Royal Wedding With A Common(er) Ending–Japanese Princess’ Marriage Terminates Her Royal Status

When a woman marries, her single status terminates. But for a Japanese princess, an October 26th marriage to her long-time boyfriend ended not only her status as a single woman but also as a member of the royal household. Sadly, for Princess Mako to marry her non-royal Prince Charming, she had to give up being a princess. The two may live happily ever after, but it will be as commoners.

Princess Mako, age 30, is the niece of Emperor Naruhito, and the oldest child of the emperor’s younger brother. Her father is first in line to succeed to the Chrysanthemum Throne. And where is (oops, was) Princess Mako in the line of succession? Nowhere, that’s where. What? Japan’s Imperial Household Law, in effect since 1947, recognizes only male heirs descended from a male line. Apparently the Japanese royal womenfolk are only good for birthing babies, hopefully males who can get in line to take the throne.

On the bright side, Japanese royal women are allowed to get an education. (Former) Princess Mako graduated from International Christian University in Tokyo with a B.A. in Art and Cultural Heritage. She then obtained an M.A. in Art Museum Gallery Studies at the U.K.’s University of Leicester.

Her college education was the beginning of the end of royal status for (Former) Her Imperial Highness Princess Mako. In 2012, she met her now husband, Kei Komuro, a fellow ICU student. Love blossomed like a Japanese cherry tree, and the two began dating. The relationship continued strong, and an engagement was announced in May 2017.

The planned marriage was met with disapproval by her family, the Japanese public, and the media. Why? Because, Mako’s beloved was a (GASP!) commoner–and one raised by a single parent at that. [Brief pause while I check my calendar. Yup! It is 2021.] Mr. Komuro would probably meet with approval from most families. He is a well-educated young man, also age 30, who in May 2021 attained a law degree from Fordham University and is now working at a NYC law firm. He should, thus, be able to provide more than adequately for a wife. But the sentiment in Japan is that he is “unworthy” of a Japanese princess.

Drama in the fiance’s family delayed the nuptials originally planned for 2017. A financial dispute arose about funds Mr. Komuro’s mother used to pay his college tuition. The money had been received from a then fiance of hers. Was it a loan? A gift? Controversy swirled. Mr. Komuro gallantly stepped up to the plate to defend his mother and offer to repay the money which they believed had been a gift. Still wondering why what Komuro’s mother did or didn’t do in her personal life has to do with Mako and Kei. Guess I’m just slow. But the imperial family, the media, and the Japanese public disapproved of the match even more.

As if a delayed wedding and overwhelming disapproval of the marriage weren’t bad enough, Kei then left Japan for three years to pursue his law degree in the U.S. His 2018 departure kept him out of the country until the end of September 2021 when he returned to marry the love of his life. The lovebirds were separated by thousands of miles, but their love for and commitment to each other was undiminished.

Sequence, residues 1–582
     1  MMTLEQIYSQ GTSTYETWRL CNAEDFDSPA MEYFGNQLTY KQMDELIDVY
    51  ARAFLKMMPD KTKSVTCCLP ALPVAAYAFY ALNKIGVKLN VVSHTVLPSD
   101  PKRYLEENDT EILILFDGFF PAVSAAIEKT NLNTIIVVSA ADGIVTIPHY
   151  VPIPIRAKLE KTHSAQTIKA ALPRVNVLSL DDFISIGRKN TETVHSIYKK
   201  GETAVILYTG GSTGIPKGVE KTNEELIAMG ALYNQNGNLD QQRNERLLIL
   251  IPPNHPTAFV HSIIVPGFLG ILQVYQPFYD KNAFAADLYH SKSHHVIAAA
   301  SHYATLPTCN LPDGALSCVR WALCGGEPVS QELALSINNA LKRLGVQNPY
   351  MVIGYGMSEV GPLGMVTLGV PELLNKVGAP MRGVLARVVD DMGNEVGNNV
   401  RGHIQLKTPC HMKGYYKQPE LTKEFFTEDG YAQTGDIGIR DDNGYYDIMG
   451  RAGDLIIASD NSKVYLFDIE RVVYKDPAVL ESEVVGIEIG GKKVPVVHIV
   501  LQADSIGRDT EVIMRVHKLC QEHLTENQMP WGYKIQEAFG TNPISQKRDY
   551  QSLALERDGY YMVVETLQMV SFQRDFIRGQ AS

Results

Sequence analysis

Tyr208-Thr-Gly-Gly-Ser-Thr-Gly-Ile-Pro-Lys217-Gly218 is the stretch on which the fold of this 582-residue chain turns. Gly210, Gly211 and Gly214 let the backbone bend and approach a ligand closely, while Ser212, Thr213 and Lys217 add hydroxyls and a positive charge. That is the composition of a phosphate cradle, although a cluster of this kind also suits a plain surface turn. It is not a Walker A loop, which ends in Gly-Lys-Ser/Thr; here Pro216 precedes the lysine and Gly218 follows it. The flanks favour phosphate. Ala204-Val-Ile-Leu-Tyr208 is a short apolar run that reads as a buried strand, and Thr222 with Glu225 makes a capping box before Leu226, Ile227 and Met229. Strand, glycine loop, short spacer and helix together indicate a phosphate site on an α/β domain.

Life without Kei in Japan was no picnic for Princess Mako. The relentless, strong criticism of her marital plans took its toll on her. Several weeks before her October 26th wedding, it was announced she’d been diagnosed with complex post-traumatic stress disorder as a result. Perhaps she and Meghan Markle could form a mental health support group; it seems they both experienced family drama, media intrusion, and royal family disputes.

Further drama arose when Kei returned to Japan for the marriage. He sported a ponytail, causing a media frenzy. Apparently suitors of a Japanese princess don’t look suitable with their hair in that style. Overlooked was the fact Kei was wearing a suit jacket and button down shirt, not torn jeans and a t-shirt displaying some crass statement.

So controversial was the marriage between Princess Mako and Kei Komuro that the couple decided to forgo a formal wedding ceremony or any reception. Instead, the two merely went to a local government office and registered their union. Thereafter, they held a press conference at a hotel, a venue they paid for to avoid criticism of tax dollars being spent on anything to do with their marriage. And…surprise, surprise. Kei had cut off his ponytail for the big event.

As a result of the marriage, Princess Mako is now simply (and probably more happily) Mrs. Kei Komuro. Her royal status was terminated; now she is “just” a commoner. According to Japan’s Imperial Household law, an imperial daughter’s marriage to a man outside the royal family demotes her to her husband’s status. But the Japanese government is not totally heartless. It provides a dowry of $1.3 million dollars to royal women leaving the imperial family. Princess Mako admirably turned down this generous offer.

After a relationship lasting almost a decade (an accomplishment in and of itself these days), Kei and Mako are FINALLY married. What now? The couple will again be separated, but just temporarily. Kei will return to New York to work as a law clerk in the corporate and tech groups of Lowenstein Sandler, LLP. while he awaits the results (expected in December) of the bar exam he took in July. Mako has basically been kicked out of the palace (she’s no longer a royal you know) and has moved into her own apartment while she awaits the processing of her visa. She will move to N.Y. to join her husband as the couple plans to make their home in the U.S.

Will Mako and Kei live happily ever after? After all they’ve been through together, let’s hope so. Wouldn’t it be awesome if they had a daughter born in the U.S. who grew up to be president? Being a princess is nice, but being a U.S. President would be a way for any woman to make a statement about women’s capabilities. They can produce heirs AND run countries.

WONDER-ing Woman:

Why was there so little U.S. media attention to Princess Mako’s story when we were saturated with the details of Prince Harry and Meghan Markle’s relationship and marriage? How do you feel about Princess Mako choosing her private life over her public life? Does Prince Charming actually have to be a prince to be “worthy” of a real princess?